For years, Colorado leaders and health care providers have worked to improve access to naloxone, the nasal spray that can stop opioid overdoses.
Those efforts included giving pharmacists the ability to dole out the antidote, and doctors and providers can write prescriptions for naloxone.
Grant funding has worked to give the medicine to needle exchanges and other services that regularly deal with addicts.
Those strategies have their own issues, said addiction and emergency medicine physician Don Stader.
Grant funding can dry up. The stigma surrounding opioid addiction or misuse can deter those struggling from filling naloxone scripts. Stader said the prescription fill rate is "abysmal" and is as low as 5%.
So he has launched his own effort, the Colorado Naloxone Project, to more efficiently and effectively get the antidote to those who need it.
Through this project, providers can give a naloxone kit — a plastic bag with the spray, rehab information and various instructions — to patients in the emergency room who might be misusing opioids. The kits could also be distributed to patients given a new opioid prescription.
The goal, he said, is to keep patients alive while educating them about the dangers of opioid misuse and giving them resources on how to get help.
Over the past year, as the focus of the medical and public health community has been trained on the pandemic, the opioid epidemic "has spread like a malignant cancer," Stader said.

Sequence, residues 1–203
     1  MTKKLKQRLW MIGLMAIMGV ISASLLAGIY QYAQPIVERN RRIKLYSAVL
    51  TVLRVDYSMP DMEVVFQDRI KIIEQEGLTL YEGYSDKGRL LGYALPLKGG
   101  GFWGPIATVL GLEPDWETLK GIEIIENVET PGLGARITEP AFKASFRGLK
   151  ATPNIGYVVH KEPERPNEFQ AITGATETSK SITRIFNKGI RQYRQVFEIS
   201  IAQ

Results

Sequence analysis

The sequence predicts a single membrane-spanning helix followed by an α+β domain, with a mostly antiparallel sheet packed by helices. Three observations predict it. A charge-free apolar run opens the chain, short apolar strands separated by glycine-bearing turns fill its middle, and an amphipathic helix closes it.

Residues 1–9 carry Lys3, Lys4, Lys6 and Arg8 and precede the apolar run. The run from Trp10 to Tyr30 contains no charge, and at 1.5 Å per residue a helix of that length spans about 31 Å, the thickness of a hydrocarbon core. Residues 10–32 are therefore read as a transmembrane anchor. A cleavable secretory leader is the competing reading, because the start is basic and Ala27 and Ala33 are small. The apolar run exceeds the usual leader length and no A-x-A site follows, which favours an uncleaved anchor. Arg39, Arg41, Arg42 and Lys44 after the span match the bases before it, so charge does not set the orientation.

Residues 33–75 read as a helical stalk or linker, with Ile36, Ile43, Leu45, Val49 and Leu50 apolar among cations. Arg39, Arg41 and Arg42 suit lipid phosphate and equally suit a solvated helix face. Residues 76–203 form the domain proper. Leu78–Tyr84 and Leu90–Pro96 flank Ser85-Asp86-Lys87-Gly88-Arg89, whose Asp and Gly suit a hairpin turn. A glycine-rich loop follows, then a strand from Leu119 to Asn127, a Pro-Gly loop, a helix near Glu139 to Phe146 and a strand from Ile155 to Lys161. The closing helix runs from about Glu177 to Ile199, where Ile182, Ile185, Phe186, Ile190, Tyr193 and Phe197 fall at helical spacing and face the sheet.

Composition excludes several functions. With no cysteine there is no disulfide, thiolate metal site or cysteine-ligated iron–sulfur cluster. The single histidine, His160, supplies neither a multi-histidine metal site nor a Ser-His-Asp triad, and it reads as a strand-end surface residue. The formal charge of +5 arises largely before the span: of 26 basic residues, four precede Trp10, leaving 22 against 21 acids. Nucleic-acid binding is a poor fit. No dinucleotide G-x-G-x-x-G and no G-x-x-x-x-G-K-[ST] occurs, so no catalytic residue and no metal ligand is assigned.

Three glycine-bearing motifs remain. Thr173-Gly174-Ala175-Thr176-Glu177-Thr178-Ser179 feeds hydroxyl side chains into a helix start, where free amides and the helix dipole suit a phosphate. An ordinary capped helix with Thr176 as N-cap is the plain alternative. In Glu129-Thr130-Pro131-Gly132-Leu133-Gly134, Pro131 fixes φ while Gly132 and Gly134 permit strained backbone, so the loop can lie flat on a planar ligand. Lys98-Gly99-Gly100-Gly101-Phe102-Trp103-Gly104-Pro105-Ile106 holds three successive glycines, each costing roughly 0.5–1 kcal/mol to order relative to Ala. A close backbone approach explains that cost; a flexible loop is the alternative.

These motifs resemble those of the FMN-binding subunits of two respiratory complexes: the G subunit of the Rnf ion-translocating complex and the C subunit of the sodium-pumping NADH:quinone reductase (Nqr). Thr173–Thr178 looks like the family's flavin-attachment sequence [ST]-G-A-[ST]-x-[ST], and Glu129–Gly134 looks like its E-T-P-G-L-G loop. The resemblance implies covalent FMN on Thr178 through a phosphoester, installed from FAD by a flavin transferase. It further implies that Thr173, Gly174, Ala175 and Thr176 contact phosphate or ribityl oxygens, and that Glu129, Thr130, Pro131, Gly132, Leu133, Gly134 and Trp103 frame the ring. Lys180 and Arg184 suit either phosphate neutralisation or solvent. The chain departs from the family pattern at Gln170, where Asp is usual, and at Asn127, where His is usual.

The need for this program is as great now as it's been at any other point.
"The opioid crisis has worsened significantly in the face of COVID," Stader said. "Not only is the drug supply more dangerous, but the drug use and really substance use across the board is so much higher in our country because of all the stress, the anxiety, the loss of employment and jobs, and the chemical coping that’s oftentimes an unhealthy way that people deal with these stressors."
Stader's project, he said, is the first of its kind in the United States.
Holly Monatt, the director of clinical pharmacy services for HealthOne, said she first heard about it in late 2018 or early 2019, when Swedish Medical Center, where Stader is based, piloted it.
At first, they'd either give a kit or a prescription for one, depending on the patient's ability to access a pharmacy.
But they realized the fill rate of those scripts was poor, so they switched to just handing it out. Still, 85 kits were distributed from Swedish between December 2018 and March 31 of this year.
Stader began looking beyond Swedish. He partnered with various medical and hospital organizations to form the Colorado Naloxone Project.
The long-term goal is to recruit hospitals across the state to participate. So far, HealthOne and Centura have signed on.
Since April 1, 20 kits have been distributed, Monatt said. Hospital data indicates the need is even greater than that.
According to numbers Monatt provided, there were roughly 800 patients in 2020 identified with an opioid use disorder or opioid overdose in HealthOne's emergency rooms.
The company that makes naloxone donated some of the medicine to the program, Stader said, and he's working on securing "a much larger donation from the Colorado Office of Behavioral Health, which oftentimes makes bulk purchases of naloxone."
Previous state legislation requires insurance providers reimburse hospitals for the opioid antidotes, and Stader said the next legislative goal is making Medicaid do the same.
"The biggest innovation that this program is really trying to implement is we are trying to — instead of making this grant-based or instead of making this based on the good will of hospitals who have the funds to afford giving naloxone out, to make this part of the actual medical system," he said.
"This is part of insurance, and this is part of what all hospitals should be doing and not expected to be doing just based on grant funding or based on their own willingness to give things away for free."